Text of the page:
When Manchester City failed to win anything last year, some pundits and press were quick and delighted to assert that Pep Guardiola had been “found out” by the Premier League. They revelled in naming him ‘Fraudiola’.
The sort of pundits and press who still says that all Premier League games are hard and that anyone can beat anyone “in this league”, even though this has never been statistically less true than now. The sort of pundit who would say Oliver Burke’s transfer from RB Leipzig at the top of the Bundesliga to relegation-battling West Brom was a “return to the big time.”
Nobody disliked Pep’s Barcelona more than me. I knew it was brilliant, I just didn’t aesthetically enjoy its more soporific moments. This City team are crafted out of different, far juicier meats. They are more direct and thrilling and don’t rely on putting everyone in a coma with 154 sideways passes. It’s far more rock ‘n’ roll; far more wah-wah pedal than tika-taka.
The naked desire to see Guardiola fail was very noticeable and very odd, bordering on xenophobic at times. The desire to under-rate what he is trying to do remains, even now. So it was no surprise when, in the wake of Manchester City’s utterly breathtaking sweeping aside of Tottenham Hotspur, with a display of football that was nothing short of glorious, a common comment was “well that’s what happens when you spend so much money,” thus dismissing his quite obvious and impressive coaching of this City team to make it an irresistible force; as though football is just a game of Top Trumps where the largest transfer fees paid wins.
Then there is a perceived hero worship, as there obviously is with Pep. It is natural to want to kick back against it, but while the transformation of Manchester City from also-rans last year to playing football that is a personification of love poetry this season, is clearly not utterly inseparable from wealth – they had to be able to buy the players that are playing so well – it is far from the inevitable consequence of that wealth. It is only happening because of how the Spaniard is coaching and inspiring the team. And that is the crucial difference.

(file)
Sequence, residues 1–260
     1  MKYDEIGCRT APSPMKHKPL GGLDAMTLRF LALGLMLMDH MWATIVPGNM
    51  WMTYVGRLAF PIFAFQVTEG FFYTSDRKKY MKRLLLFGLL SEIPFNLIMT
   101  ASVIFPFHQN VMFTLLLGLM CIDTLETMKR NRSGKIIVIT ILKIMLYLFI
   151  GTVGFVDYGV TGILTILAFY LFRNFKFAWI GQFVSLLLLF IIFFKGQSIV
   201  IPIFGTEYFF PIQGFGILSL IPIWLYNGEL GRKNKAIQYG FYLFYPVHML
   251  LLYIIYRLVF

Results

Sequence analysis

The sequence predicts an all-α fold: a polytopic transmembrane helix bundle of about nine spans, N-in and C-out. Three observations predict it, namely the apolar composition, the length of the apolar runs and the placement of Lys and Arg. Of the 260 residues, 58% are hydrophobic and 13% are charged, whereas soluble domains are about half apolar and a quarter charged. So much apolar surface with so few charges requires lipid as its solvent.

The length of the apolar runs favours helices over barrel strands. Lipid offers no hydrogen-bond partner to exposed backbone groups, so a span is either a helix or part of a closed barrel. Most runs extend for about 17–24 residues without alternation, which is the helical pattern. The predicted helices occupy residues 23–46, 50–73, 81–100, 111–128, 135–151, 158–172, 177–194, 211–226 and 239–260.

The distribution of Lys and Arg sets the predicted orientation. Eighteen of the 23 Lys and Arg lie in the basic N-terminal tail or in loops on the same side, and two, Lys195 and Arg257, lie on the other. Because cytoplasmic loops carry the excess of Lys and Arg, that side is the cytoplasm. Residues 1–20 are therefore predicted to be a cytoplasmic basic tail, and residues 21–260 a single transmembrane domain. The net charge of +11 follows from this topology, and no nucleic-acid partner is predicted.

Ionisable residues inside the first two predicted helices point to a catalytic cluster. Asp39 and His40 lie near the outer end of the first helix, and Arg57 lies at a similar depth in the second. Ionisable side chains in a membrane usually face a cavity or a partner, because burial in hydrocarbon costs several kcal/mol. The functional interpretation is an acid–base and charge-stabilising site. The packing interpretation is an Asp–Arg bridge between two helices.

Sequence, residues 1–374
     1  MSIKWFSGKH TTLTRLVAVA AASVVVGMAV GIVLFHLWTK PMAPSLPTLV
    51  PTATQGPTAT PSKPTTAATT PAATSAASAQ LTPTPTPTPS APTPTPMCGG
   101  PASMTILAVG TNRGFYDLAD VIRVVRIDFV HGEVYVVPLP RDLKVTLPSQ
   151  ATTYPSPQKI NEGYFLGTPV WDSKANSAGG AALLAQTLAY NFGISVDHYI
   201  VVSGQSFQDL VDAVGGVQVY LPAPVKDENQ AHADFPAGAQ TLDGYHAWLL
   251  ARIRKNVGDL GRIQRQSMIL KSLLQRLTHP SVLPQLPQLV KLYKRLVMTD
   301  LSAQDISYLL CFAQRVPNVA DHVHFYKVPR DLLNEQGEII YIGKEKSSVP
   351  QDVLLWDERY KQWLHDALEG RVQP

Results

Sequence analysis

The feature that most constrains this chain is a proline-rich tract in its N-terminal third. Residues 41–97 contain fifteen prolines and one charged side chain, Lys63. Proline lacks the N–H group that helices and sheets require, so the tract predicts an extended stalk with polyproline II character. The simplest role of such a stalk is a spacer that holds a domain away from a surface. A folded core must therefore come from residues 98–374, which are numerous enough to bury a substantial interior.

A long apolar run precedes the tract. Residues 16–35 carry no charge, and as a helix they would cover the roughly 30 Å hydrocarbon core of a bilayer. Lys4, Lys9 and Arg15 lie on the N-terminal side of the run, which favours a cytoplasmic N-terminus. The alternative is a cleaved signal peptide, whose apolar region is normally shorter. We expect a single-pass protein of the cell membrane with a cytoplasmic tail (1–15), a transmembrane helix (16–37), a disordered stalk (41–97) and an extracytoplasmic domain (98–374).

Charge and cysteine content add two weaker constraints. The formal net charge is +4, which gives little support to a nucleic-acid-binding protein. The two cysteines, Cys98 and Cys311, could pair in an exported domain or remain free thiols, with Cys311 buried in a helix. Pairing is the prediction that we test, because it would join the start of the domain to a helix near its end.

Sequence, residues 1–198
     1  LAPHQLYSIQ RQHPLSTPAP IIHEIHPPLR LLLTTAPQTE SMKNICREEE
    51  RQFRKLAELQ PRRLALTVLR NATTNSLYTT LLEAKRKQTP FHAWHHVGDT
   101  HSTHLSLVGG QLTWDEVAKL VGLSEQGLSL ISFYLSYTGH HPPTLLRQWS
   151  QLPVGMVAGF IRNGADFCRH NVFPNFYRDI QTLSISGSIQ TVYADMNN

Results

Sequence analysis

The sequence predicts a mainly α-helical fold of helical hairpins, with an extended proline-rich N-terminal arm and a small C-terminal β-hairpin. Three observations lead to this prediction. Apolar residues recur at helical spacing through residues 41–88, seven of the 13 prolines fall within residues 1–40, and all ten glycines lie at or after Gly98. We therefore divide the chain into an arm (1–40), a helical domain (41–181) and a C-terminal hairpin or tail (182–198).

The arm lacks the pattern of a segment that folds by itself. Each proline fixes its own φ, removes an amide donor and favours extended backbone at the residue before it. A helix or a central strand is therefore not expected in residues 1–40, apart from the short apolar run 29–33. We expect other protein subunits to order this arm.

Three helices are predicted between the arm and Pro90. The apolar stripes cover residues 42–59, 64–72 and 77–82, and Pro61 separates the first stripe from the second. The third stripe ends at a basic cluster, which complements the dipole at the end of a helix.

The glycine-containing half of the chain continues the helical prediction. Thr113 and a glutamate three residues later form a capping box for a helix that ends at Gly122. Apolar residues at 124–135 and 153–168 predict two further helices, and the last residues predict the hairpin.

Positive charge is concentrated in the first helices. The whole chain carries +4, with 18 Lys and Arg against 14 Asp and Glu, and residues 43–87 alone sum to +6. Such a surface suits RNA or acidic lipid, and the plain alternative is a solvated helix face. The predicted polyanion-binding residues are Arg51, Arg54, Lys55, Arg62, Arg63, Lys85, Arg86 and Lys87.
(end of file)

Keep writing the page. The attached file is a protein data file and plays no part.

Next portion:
This obsession with transfer fees blinkers too many. Now more than ever, it is about getting and coaching the right player, not the most expensive, and I say that because player valuations have never been more crazy, more random, more pick-a-number-and-add-20. Is Romelu Lukaku worth £15m more than Alvaro Morata? You don’t know. I don’t know. No-one knows. Should they have cost £20m less or £20m more? There is no answer, just like there’s absolutely no line of logic you can draw, no ruler of measurement you can apply, which proves that £89.3m Paul Pogba is worth £33m more than Kevin De Bruyne. Nemanja Matic was £40m, Benjamin Mendy £52m. Eliaquim Mangala was £42m. Why these specific numbers? No-one can tell you that either. These numbers are not representative of each player’s skill, only of how much one club is prepared to pay another, and those two things can diverge markedly. They’re just daft, made up numbers. So you can’t assign City’s brilliant football this season specifically and exclusively to the size of fee they paid for any of their players.
Footballers are not expensive robots. Form will rise and fall based on a myriad of things, both physical and psychological, and these things can make a total mockery of such hysterical financial assessments of their worth. Spurs could probably have sold Dele Alli for £100m last summer but he’s been poor this year. So how do you place a value on him now?